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God loves us, unconditionally. As humans, we are all sinful and everyone has fallen short of the glory of God. But God cannot tolerate sin- He couldn't even look upon His own Beloved Son when Jesus took upon Himself all the sins of the world as He was crucified. The hard truth is that sexual deviancy is a sin, just as lying and hate and murder are. And all sins are equal. I'm not trying to be harsh, but that's the simple truth according to scripture. I have personal experience with this- I was in the homosexual lifestyle up until a few months ago. Just like any other addiction or stronghold, it's hard to break. Have faith in Him, for He can do anything, even the impossible.

 

If anyone wants more information on this, read this:  http://www.christianteenforums.com/index.php?/topic/71583-in-depth-notes-from-the-bible-and-dying-for-love-on-the-process-of-deliverance/ and read the Bible.

 

(On a side note, for those of you who may have the believe that people cannot change or "come out" of the deviant lifestyle, especially homosexuality, look at all the people who go from straight to gay. The reverse can also happen. So please, don't tell me it's not possible, because I know it is.)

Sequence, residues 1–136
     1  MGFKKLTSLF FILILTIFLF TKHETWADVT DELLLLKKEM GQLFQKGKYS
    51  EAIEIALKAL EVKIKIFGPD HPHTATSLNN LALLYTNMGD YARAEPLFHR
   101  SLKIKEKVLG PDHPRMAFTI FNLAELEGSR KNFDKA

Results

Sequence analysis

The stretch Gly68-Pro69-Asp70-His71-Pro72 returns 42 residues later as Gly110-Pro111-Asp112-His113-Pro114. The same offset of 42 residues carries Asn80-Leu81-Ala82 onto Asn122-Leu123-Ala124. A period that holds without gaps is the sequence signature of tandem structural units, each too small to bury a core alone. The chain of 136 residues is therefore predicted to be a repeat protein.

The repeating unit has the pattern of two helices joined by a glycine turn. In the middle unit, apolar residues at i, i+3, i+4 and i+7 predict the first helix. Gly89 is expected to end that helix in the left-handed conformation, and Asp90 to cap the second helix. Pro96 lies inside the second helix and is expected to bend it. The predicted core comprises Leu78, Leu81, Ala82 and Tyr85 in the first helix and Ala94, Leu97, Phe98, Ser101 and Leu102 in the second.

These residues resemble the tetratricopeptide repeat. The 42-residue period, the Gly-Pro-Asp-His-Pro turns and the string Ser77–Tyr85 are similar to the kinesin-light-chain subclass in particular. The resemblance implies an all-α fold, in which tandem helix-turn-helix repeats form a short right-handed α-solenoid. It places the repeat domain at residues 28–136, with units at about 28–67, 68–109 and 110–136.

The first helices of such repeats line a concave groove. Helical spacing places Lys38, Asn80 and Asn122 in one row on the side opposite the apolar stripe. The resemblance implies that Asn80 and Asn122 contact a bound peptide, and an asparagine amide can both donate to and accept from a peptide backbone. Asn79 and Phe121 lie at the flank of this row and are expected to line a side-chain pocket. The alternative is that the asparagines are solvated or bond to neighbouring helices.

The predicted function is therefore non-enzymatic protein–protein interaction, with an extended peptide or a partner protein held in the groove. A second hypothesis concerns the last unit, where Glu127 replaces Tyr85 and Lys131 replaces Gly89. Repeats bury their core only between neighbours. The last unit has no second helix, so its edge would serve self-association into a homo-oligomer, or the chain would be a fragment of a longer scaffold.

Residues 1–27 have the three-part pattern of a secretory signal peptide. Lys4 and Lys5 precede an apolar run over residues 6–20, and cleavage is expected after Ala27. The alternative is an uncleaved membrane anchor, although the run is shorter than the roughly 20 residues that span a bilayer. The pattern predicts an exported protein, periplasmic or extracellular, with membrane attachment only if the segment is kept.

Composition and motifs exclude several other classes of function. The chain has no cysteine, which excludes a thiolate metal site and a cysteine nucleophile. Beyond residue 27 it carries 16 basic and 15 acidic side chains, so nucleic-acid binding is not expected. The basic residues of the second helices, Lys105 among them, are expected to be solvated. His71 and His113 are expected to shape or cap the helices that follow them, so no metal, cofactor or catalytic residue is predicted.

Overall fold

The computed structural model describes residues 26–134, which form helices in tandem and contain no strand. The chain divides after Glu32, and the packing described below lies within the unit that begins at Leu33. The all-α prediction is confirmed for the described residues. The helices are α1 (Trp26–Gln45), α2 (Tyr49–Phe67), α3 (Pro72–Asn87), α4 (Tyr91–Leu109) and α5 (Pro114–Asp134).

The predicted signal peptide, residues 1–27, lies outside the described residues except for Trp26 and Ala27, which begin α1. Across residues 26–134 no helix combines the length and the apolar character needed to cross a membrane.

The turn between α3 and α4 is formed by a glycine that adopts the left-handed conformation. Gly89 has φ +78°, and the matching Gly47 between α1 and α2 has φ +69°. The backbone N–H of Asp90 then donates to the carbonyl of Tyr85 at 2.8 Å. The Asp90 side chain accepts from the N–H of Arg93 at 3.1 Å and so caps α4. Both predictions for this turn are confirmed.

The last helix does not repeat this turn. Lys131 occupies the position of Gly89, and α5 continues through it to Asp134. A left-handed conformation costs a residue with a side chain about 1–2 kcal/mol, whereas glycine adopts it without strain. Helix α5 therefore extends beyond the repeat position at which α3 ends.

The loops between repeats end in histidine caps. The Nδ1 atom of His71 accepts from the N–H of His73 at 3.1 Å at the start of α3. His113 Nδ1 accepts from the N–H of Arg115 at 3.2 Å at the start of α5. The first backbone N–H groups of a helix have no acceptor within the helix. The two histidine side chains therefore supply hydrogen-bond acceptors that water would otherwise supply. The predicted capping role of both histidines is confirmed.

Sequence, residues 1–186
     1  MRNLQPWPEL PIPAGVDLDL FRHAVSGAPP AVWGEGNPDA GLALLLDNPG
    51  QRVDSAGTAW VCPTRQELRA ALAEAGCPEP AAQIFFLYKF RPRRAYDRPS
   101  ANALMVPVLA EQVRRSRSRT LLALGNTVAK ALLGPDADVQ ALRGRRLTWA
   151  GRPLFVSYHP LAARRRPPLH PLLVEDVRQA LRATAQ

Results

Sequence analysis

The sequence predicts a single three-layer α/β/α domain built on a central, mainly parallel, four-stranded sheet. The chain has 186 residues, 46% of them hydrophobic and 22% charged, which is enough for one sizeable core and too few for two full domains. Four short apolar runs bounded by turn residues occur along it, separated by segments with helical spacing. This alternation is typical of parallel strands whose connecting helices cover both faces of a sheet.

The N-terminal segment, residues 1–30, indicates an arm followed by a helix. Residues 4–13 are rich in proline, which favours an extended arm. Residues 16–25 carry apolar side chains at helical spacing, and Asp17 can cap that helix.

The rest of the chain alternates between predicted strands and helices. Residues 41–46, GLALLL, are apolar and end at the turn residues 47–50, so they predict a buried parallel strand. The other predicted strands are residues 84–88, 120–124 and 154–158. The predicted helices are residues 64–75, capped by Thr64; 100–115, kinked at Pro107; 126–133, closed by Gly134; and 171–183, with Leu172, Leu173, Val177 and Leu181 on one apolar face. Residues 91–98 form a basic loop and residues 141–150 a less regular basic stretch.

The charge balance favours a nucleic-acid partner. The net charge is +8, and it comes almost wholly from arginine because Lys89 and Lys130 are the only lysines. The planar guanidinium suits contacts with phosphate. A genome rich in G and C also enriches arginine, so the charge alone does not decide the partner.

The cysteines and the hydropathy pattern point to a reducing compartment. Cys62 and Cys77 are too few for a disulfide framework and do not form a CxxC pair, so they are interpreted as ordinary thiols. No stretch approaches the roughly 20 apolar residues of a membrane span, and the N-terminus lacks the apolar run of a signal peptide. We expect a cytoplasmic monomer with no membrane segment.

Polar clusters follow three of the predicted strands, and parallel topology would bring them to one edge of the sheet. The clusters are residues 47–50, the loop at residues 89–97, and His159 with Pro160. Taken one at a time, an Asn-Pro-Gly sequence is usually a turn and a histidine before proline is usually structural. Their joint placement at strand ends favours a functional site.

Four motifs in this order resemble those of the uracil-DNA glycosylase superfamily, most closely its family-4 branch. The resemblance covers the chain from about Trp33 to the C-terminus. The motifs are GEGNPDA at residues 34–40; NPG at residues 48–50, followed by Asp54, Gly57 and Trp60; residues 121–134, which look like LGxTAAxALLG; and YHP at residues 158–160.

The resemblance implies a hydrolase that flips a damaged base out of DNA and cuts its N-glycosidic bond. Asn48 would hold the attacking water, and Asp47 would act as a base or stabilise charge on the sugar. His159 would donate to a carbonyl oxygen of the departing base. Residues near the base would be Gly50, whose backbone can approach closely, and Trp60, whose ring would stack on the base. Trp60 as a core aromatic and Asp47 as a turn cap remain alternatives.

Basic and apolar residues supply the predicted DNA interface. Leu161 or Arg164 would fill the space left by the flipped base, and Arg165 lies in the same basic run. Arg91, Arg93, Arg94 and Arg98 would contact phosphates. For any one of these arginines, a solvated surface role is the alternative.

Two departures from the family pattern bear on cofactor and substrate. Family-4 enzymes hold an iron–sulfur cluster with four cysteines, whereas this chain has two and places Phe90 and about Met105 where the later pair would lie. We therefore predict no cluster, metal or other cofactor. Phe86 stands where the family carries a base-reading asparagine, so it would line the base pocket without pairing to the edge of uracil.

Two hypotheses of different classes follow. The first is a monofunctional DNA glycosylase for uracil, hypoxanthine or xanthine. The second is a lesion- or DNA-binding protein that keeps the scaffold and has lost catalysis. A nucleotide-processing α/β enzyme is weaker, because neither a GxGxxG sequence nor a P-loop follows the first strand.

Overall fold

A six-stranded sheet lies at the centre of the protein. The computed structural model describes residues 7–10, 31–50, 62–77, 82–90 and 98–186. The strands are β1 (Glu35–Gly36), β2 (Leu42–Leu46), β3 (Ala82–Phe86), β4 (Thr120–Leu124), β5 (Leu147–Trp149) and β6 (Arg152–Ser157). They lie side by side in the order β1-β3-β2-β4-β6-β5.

How old were you when you "were in the gay lifestyle?" how long did it last?  and how old were you when you got out of it?  

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(On a side note, for those of you who may have the believe that people cannot change or "come out" of the deviant lifestyle, especially homosexuality, look at all the people who go from straight to gay. The reverse can also happen. So please, don't tell me it's not possible, because I know it is.)

 

I do not doubt that a person can stop having same-sex relations. I am doubtful that people whose libidinal energy has cathected from an early age will ever be able to stop having homoerotic emotions. The downfall and self-destruction of Exodus International is a monument for the catastrophe of conversion therapy. It is for this reason that the Roman Catholic Church preaches celibacy for those who are homosexual, rather than give credence to foolhardy attempts to make one heterosexual.